natural monopolies are controlled by franchise
holding corporations: you may expect to see these
tremendous pecuniary influences exerted against
the interests of the people, and the. -big papers
will generally be with the corporations. We have
to rely, therefore, largely upon our weekly pa
pers, for a weekly paper does not cost so much
but that the man who owns it can edit it. As a
rule, the man' who has money enough to own a
great .city paper has not sense, enough to. edit it.
Of course, I do not: use this word, in an offensive
sense. They have sense enough, financial sense;
they have business sense, but they have not the
editorial, talent. As a rule, these large papers
are owned by men who never write, and the men
who write for them can not-own them. Thus
you have, a condition that is not ideal. I insist
that no man can do his best writing when he has
to ask somebody-else. what he can say ,--'
The weekly paper can be owned and edited by
the same man. When you read an editorial in
one of the big daily papers you do not know who
wrote it; but when you read an editorial in a
country weekly, there is a personality back of the
editorial page, and the fact that such a paper
has a personality puts the responsibility upon its
owner and editor; the value of his paper will be
measured by the standing of the man;
"The first thing, therefore, that I ask you to
remember is the responsibility of the editor of
the weekly paper; If the editor of the weekly
paper is a man of character and conscience, if he
is a man whose word is accepted by the people of
his community as the word of a disinterested and
patriotic man, he can exert a powerful, influence
not only in his community but in moulding the
thought of his state.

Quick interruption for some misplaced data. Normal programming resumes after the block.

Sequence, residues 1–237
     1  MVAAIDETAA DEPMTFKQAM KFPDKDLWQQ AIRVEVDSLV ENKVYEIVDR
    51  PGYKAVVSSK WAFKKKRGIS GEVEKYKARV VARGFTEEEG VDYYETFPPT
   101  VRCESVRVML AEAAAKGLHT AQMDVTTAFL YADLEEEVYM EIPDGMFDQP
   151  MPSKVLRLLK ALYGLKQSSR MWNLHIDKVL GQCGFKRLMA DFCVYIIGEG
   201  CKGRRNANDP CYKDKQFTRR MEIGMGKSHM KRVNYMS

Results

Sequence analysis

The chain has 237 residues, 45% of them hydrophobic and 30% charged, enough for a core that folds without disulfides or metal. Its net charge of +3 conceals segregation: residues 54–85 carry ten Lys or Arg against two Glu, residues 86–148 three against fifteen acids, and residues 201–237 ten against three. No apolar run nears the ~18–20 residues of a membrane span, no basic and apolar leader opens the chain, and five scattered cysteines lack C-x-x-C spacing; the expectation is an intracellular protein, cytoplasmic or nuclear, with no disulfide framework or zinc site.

"Now, my friends, I have but a short time to
speak to you and I must make ;that short time
pay. We won in the campaign two years ago,
but not because we had a majority, but because
of division in the republican party!' It was for
tunate for the country, for if there- ever was a
time when we needed in the white house a dem
ocrat like Woodrow Wilson, we need him now.
."H,e has more, than made gooj. He has not
only been true to the promises 'that we made;
he has not only stood steadfast by the.jpo'piti.ons
that were taken but he has helped every demo
crat In the United .States by answering for them
the Jaunts and jeers that dempctats us'd to have
to hear. There were lots of good '.people in all
the northern states who .seemed" to' have an idea
that a- democrat belonged to jthe lower 'order of
animals. That a democrat, someho, "tfas inferior
Tin intelligence, In 'morals, in" character, and in
standing, to the'republican. "". '
, "The republicans' 'had held tlie offices; they
had drawn the salaries and, they had, .used them
to make an Impr.essive showing.., When they had
campaigns they could adv.ertise speakers with big
titles, governors, ex-governors,' secretaries, ex
secretaries, ambassadors, 'former ambassadors,
etc' They .could, use? these djkinguished titles to
impress the people., but when, we introduced a
public speaker, we had to 'introduce liim 'as Mr.
so-and-so, who was once a candidate for some
thing.' The ytttlng 'people wereriiauraliy impress
ed' with the'dfgiiity1a'iid,prbmiijenc.e; arid there
fore, the iritelligtihcb' ana tud'staWding -of great
republicans.' But it will be a long while before